Understanding College Loans

If you are planning for college right now, you are probably caught between the exciting prospect of a 4-year adventure at your dream school and the hard reality that college is expensive. CollegeBoard reports that the average cost for tuition and board for a year at an in-state public college is a little over $20,000. For private 4-year institutions, you could be paying as much as $45,000 per year.

Another hard reality is that taking out student loans to pay these costs can have a big effect on your life after college. The Wall Street Journal reports that in 2015, students graduated with an average of $30,000 in accumulated college debt. That translates into a $333 monthly payment upon graduation. Most students assume it will take 10 years to repay their loans, yet research has shown that many borrowers take as long as 20 years to repay their debt.

The attitude of “I’ll just take out loans, everyone else does” can put you in that student debt trap. Loan companies, including the government, are making big bucks on the interest student borrowers are paying, and they make it oh-so-easy to take out these loans. Once you fill out the federal Free Application for Student Aid (FAFSA) and your Student Aid Report (SAR) comes to you from your prospective college, it can be really easy to click “Accept” next to those loan offers. Those loan disbursements can feel a bit like free money until you leave school and get that first payment bill in the mail.

While it may be easy to take out college loans, it is hard to navigate the complexity of the loan market. Loans come in several varieties: need based and non-need based, subsidized and unsubsidized, public and private, student and parent. Interest rates, repayment plans, and lenders all vary and can change without notice. So, get ready to make an informed decision about your college loans by understanding some basic vocabulary:

Federal Financial Aid:

The federal government helps organize the loan application process through the FAFSA (Free Application For Student Aid). Then, they let you know what kind of aid you qualify for through the SAR (Student Aid Report). Your aid “package” is the combination of different types of aid available to you based on your family’s financial need. That aid can come in three forms: grants, work study programs, or loans. Grants and work study programs are types of aid that don’t have to be repaid, so you can accept these without affecting your bottom line once you graduate.

Subsidized or Unsubsidized Federal Loans:

Not all types of government aid are cost-free. Your federal aid can also come in the form of subsidized or unsubsidized loans. This type of aid will have to be repaid after you leave school, even if you don’t graduate. Both types of loans also charge interest, meaning you’ll pay a certain percentage of total loan amount in order to use that money. If your loan offer is subsidized, it mean that the federal government will pay your interest while you are in school. Your loan amount doesn’t grow while you are taking classes. Once you leave school, you will take over the payment of the interest. If your loan offer is unsubsidized, however, it means that you are responsible for the interest on the loan from the date you get the money. The cost of that interest is added to the amount of the loan that you’ll start to pay when you leave school.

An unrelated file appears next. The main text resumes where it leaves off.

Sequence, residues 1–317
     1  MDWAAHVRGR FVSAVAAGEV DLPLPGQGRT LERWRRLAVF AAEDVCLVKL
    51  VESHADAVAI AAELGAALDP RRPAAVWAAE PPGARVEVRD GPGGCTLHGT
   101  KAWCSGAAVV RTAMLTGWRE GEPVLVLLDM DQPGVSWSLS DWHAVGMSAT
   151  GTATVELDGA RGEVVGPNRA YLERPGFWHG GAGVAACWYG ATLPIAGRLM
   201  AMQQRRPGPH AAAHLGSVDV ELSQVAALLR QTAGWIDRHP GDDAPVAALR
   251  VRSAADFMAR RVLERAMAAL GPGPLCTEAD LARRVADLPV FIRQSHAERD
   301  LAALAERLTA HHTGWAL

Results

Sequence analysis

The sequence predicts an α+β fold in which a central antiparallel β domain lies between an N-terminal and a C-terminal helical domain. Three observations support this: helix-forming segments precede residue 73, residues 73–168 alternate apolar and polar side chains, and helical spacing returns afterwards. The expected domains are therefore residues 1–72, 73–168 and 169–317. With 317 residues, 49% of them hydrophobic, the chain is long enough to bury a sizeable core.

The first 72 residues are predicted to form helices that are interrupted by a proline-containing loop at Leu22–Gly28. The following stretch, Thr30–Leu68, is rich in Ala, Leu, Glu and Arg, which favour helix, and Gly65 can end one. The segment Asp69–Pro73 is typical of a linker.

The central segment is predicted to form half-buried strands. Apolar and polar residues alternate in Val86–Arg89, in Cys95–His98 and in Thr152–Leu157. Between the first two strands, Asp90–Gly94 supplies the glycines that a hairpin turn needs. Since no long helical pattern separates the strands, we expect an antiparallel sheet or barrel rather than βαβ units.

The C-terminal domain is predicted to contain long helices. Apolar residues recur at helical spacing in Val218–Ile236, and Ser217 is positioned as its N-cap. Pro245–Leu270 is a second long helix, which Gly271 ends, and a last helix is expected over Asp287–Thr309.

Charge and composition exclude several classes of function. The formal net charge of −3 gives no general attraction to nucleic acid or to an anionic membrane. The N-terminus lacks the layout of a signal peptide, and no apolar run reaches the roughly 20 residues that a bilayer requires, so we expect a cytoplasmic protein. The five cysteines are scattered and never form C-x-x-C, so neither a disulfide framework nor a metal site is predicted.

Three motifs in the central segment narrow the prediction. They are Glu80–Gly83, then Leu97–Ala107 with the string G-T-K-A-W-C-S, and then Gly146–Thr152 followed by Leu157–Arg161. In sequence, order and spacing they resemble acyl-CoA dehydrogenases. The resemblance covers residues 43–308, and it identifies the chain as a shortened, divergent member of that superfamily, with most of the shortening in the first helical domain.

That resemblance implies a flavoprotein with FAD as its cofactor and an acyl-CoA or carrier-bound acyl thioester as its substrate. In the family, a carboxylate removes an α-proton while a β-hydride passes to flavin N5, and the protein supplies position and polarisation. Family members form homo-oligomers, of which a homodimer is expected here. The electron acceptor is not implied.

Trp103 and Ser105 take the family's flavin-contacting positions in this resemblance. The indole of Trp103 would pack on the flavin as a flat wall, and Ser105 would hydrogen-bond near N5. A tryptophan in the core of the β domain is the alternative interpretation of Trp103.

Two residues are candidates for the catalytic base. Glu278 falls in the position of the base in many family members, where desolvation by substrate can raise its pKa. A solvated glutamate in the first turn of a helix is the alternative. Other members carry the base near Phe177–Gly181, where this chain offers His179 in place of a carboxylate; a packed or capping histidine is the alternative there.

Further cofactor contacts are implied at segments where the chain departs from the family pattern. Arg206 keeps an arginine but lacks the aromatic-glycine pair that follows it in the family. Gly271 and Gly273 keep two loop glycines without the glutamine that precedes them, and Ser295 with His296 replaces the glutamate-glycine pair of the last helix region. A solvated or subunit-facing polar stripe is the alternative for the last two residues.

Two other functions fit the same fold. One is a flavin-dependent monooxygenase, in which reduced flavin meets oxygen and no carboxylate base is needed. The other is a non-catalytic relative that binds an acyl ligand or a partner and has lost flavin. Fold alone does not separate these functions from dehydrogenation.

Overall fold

Private Loans:

The federal aid package you are eligible for might not cover the cost of your school of choice. In that case, if you feel that school is worth the extra borrowing costs, you might consider private loans through a bank or credit union. The interest rate on these loans tends to be higher than the federal rate, which is usually around 4% for undergraduates. Take special care to understand the conditions of private loans. Interest rates and the repayment conditions can be very different than with federal loans.

 

Making a good decision about how to pay for your college is just as important as choosing the right college. So, do some homework now and make sure you understand how your college loans will affect your future!

 

Dede Paquette is a life-long student and teacher. With a M.A. in professional writing and a M.A. in teaching, she teaches both at the high school and college levels, working with her students on creative and critical writing. She loves getting students to think about how the Internet is changing the way we communicate and about how they, as writers, can drive that change in a positive direction. She also loves to rattle around in used bookstores, especially the kind with miles of dusty, disorganized shelves. When the weather turns warm, she disappears into the wild woods of Northern Wisconsin to sit at the feet of Mother Nature, studying Her mindfulness and peace.

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